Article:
How do you get people excited about the visual arts and, even better, get them to open their checkbooks and support the Atlanta art economy by buying a painting or sculpture?
One Atlanta gallery director thinks she may have the answer. Making its debut this October, Atlanta Gallery Week is meant to inspire that kind of engagement with the city’s gallery scene and encourage collecting. The event runs Oct. 1-6, and was created by Robin Bernat, an artist and director of westside gallery Poem 88.
The event originated when “several galleries, including Poem 88, felt that the importance of the commercial galleries was being overlooked and perhaps we should meet to discuss ways to improve our visibility,” Bernat said.
Atlanta Gallery Week features art spaces ranging from the scrappy, tiny Poncey Highland storefront Beep Beep Gallery, which focuses on emerging artists, to Buckhead stalwart Alan Avery Art Co., known for exhibiting blue-chip artists such as Robert Rauschenberg and Louise Nevelson.
During the week the 17 participating galleries will feature traditional openings — with gallery director tours, refreshments and hushed conversation — but also more inventive, performance-based experiences, including spontaneous drawings done by artists at Castleberry’s Marcia Wood Gallery Oct. 1. The week of gallery offerings culminates Oct. 5 with Flux Night, a public art event held since 2010 in Castleberry Hill that’s known for attracting large, diverse crowds.
Bernat and Alan Avery, owner of Alan Avery Art Co., said that without a real arts district like New York’s Chelsea or the Dallas Arts District, the impetus has been for galleries spread from the westside to Buckhead to find a way to address a common cause: getting bodies — especially collectors — through the door.
With Atlanta’s great geographical divide in art venues, it helps “any time there is an opportunity for the galleries and organizations to work together, cross-advertise and cross-populate our audiences,” Avery said. “I think that this makes our visual arts scene more vibrant. Working together helps to educate the collecting public on just how strong and diverse the offerings really are in our great city.”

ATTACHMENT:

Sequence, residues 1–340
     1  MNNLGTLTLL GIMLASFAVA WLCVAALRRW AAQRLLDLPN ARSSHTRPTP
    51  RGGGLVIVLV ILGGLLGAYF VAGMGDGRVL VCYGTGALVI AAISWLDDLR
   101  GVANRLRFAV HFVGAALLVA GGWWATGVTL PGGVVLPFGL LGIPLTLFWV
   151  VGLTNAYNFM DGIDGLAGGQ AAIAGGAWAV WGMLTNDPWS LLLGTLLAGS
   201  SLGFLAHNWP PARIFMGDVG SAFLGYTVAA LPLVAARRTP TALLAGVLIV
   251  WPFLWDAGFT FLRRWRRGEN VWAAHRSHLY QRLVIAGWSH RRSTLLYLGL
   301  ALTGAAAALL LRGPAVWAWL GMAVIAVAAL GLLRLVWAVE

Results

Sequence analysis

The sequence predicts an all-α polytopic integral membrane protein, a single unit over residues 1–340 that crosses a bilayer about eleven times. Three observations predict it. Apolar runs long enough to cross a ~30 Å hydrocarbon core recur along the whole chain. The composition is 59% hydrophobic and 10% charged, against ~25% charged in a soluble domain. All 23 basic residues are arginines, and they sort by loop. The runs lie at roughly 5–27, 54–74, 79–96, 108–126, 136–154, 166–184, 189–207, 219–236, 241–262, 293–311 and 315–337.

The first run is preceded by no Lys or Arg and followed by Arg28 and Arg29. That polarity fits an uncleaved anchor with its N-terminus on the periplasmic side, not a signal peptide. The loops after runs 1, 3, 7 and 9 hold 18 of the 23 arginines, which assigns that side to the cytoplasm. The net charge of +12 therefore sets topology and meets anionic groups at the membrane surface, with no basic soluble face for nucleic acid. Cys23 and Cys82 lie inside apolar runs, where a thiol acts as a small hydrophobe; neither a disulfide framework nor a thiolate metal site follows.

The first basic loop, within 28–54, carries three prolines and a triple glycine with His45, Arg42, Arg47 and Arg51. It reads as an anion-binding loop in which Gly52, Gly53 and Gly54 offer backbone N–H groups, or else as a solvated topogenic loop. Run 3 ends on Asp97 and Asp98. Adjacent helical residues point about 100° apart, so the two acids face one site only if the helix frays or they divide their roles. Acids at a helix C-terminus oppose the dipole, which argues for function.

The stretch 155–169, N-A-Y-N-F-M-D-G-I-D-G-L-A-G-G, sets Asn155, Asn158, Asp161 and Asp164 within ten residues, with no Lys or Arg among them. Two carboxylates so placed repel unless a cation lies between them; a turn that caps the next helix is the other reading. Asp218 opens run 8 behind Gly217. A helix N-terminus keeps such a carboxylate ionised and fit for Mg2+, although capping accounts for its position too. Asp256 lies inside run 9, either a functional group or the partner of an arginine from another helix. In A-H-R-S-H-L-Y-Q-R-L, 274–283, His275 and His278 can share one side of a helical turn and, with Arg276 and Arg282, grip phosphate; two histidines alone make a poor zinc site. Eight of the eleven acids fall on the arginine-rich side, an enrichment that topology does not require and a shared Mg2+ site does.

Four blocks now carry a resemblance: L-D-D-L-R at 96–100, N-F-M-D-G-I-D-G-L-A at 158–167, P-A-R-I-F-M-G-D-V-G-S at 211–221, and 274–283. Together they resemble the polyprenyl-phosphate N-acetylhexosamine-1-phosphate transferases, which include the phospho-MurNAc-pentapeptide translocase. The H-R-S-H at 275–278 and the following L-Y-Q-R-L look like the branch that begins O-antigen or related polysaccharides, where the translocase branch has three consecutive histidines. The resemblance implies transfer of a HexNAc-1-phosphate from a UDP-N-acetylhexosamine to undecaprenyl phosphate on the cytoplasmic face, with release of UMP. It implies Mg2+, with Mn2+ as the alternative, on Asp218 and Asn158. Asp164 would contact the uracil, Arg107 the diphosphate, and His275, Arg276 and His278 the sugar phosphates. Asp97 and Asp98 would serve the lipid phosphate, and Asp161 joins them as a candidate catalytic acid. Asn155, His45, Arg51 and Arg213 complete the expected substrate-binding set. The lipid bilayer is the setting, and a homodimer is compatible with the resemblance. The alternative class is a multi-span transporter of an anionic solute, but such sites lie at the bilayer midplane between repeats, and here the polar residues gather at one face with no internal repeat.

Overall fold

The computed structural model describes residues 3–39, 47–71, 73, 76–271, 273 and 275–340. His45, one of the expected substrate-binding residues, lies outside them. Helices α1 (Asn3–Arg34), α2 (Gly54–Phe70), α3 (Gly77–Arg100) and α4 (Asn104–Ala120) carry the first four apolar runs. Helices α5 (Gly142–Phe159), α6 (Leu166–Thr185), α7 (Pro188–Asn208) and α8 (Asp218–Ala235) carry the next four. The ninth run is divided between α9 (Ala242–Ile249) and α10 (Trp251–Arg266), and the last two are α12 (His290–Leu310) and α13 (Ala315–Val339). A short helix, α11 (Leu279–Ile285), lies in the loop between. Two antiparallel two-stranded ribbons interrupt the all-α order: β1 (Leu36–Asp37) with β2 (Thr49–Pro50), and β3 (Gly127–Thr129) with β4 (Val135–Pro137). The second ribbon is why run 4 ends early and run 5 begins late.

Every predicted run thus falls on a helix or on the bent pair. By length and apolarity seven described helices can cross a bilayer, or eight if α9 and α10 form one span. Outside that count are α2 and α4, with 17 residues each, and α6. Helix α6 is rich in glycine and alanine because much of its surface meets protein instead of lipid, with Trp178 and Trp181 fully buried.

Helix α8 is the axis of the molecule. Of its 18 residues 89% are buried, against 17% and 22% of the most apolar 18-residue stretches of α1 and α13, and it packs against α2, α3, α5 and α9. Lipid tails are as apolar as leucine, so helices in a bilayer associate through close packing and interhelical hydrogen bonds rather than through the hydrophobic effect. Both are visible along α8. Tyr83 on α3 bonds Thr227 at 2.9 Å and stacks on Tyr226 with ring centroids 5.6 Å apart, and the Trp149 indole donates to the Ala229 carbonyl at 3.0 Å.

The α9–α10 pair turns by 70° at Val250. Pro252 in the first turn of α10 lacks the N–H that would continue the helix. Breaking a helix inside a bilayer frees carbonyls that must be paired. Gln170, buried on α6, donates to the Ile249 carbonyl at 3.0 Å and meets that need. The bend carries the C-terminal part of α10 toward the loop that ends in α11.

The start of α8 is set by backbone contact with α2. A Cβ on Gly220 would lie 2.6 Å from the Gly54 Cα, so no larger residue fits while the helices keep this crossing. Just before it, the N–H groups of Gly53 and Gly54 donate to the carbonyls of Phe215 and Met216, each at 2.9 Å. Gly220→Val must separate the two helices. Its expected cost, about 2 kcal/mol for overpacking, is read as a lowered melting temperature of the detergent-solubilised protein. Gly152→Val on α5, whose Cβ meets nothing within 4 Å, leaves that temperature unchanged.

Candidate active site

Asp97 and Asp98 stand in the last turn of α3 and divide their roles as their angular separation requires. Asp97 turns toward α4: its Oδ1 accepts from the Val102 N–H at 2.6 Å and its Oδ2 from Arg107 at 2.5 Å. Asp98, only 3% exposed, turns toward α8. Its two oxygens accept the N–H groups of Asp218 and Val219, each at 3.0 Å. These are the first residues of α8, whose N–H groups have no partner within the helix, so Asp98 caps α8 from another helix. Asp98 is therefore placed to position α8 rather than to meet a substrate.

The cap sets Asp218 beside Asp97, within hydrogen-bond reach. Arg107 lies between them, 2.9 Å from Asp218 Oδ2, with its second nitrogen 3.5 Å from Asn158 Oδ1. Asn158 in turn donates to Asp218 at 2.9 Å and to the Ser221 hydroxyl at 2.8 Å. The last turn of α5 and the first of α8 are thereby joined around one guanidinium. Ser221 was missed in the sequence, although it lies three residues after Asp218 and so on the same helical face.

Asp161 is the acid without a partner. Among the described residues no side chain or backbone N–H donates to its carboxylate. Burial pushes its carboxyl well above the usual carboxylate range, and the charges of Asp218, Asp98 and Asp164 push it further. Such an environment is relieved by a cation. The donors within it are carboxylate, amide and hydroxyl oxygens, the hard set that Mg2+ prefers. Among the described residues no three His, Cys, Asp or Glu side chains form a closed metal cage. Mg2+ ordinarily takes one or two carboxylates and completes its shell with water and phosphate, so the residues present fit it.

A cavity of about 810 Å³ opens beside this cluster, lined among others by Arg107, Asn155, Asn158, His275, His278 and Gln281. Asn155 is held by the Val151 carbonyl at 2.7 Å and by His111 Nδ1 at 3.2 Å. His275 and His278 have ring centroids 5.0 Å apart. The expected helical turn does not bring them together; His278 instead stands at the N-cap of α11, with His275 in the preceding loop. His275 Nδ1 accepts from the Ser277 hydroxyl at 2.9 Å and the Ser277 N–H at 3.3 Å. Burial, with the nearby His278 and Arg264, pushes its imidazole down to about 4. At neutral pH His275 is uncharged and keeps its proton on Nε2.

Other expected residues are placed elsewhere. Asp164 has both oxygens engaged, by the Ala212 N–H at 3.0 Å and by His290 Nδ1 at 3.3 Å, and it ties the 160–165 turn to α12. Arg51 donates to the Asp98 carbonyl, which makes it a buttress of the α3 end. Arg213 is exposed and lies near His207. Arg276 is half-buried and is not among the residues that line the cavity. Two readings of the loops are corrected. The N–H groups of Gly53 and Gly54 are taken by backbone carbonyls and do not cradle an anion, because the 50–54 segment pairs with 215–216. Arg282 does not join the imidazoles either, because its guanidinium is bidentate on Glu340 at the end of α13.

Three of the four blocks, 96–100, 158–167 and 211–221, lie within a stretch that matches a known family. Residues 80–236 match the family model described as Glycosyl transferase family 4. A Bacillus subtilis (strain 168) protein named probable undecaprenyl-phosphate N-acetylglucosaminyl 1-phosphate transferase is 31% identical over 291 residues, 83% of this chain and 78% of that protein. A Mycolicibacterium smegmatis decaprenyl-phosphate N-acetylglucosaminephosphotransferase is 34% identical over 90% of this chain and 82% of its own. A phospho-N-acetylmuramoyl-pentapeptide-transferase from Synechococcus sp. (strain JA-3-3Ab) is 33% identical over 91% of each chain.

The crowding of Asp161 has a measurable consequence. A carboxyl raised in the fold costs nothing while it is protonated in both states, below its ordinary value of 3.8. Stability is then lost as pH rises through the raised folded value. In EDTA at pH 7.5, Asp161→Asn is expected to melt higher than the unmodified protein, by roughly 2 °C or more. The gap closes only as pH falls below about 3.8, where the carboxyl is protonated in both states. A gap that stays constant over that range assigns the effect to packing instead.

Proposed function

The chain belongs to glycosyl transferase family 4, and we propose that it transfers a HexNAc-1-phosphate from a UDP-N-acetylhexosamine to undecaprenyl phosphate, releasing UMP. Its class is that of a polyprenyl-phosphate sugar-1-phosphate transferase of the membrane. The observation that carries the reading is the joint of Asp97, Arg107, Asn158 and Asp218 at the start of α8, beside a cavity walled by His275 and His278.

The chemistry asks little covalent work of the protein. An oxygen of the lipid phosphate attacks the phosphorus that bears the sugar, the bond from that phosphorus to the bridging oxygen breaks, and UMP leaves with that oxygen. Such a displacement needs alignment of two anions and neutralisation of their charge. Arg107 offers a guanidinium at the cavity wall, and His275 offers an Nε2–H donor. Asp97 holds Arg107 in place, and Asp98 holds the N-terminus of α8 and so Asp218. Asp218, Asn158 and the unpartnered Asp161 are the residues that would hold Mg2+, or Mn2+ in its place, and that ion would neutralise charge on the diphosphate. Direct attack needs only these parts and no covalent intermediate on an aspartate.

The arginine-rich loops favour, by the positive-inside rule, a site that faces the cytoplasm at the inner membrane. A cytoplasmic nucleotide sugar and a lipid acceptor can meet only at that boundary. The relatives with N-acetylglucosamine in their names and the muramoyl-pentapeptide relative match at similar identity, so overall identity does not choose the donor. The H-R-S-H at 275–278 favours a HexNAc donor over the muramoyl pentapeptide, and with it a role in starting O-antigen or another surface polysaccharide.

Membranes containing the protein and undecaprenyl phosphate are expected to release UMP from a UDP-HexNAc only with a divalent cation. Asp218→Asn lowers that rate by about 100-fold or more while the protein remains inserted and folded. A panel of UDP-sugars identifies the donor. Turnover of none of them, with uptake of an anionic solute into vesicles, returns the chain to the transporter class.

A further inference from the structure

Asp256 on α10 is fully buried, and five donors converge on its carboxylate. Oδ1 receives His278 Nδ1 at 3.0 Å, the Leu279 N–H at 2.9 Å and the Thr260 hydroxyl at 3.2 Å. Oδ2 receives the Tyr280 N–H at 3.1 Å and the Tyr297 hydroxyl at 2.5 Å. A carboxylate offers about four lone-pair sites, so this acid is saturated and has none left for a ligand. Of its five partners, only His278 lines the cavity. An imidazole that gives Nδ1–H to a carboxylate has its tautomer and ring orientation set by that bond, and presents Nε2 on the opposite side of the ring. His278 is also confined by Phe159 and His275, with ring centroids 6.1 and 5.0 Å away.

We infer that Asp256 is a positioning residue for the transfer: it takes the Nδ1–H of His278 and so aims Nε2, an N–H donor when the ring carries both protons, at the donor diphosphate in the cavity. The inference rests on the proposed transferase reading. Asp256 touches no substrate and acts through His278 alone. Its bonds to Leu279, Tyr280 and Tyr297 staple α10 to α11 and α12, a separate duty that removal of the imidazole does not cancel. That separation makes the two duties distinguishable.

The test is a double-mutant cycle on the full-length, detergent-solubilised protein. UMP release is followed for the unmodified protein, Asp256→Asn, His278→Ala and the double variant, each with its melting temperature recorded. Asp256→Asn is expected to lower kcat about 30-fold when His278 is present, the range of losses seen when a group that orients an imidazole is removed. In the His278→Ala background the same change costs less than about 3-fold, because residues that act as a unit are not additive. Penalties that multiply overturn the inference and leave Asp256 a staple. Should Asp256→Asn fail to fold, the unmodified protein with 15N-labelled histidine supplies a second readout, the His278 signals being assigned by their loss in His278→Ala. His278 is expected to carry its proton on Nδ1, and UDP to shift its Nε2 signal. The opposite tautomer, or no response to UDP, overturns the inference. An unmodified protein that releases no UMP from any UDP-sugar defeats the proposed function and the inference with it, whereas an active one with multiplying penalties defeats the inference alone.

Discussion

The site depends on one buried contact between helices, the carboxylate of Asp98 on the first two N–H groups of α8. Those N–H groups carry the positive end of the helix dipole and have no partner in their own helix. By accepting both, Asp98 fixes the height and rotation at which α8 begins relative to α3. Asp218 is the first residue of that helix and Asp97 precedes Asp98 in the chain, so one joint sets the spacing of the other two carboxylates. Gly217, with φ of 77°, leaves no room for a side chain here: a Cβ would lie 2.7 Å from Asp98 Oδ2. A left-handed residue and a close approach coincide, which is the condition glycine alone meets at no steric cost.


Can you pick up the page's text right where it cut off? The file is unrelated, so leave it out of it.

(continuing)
Bernat said a rash of gallery closings over the past few years — from newer galleries like Emily Amy and Twin Kittens — to more established spaces such as Saltworks, Kiang and Solomon Projects — has made it even more important to band together to bolster the commercial art scene.
Atlanta’s commercial galleries also have struggled with being overshadowed by the city’s growing number of temporary art events, which can draw big crowds of spectators but don’t emphasize collecting or necessarily pay long-term economic dividends. From the temporary exhibition Art on the BeltLine to the summertime street art festival Living Walls and Flux Night — which last year drew an estimated 12,000 to 13,000 people — those events tend to focus on experience and spectacle.
“There was something of a feeling that … we needed to find a mechanism for capturing some of that enthusiasm and great attendance to support locally owned galleries and a wider body of local artists,” Bernat said. “We are hoping to ride on the coattails, so to speak, of the enthusiasm around Flux Night.”
While those temporary event-based art experiences often can capture buzz and attendance, keeping and holding the interest of audiences can be a bigger challenge for Atlanta galleries.
“Many Atlantans who do manage to attend a number of the citywide arts events are completely unfamiliar with the number of galleries and the diversity of work in each of the galleries,” Bernat said.
Sometimes, she said, the challenge is just educating visitors about what exactly a gallery is. “I know I am not alone when I tell you how many times someone comes into Poem 88 and asks ‘What is this place?’ or they ask if they need to pay admission to come in. Many, many people are not familiar with art galleries at all.”
Bernet said the hope is that Atlanta Gallery Week will become an annual event, scheduled around Flux Night, “to attract “collectors, out-of-town collectors, curators and art enthusiasts.”
Atlanta Gallery Week
October 1-6. Free. atlantagalleryweek.com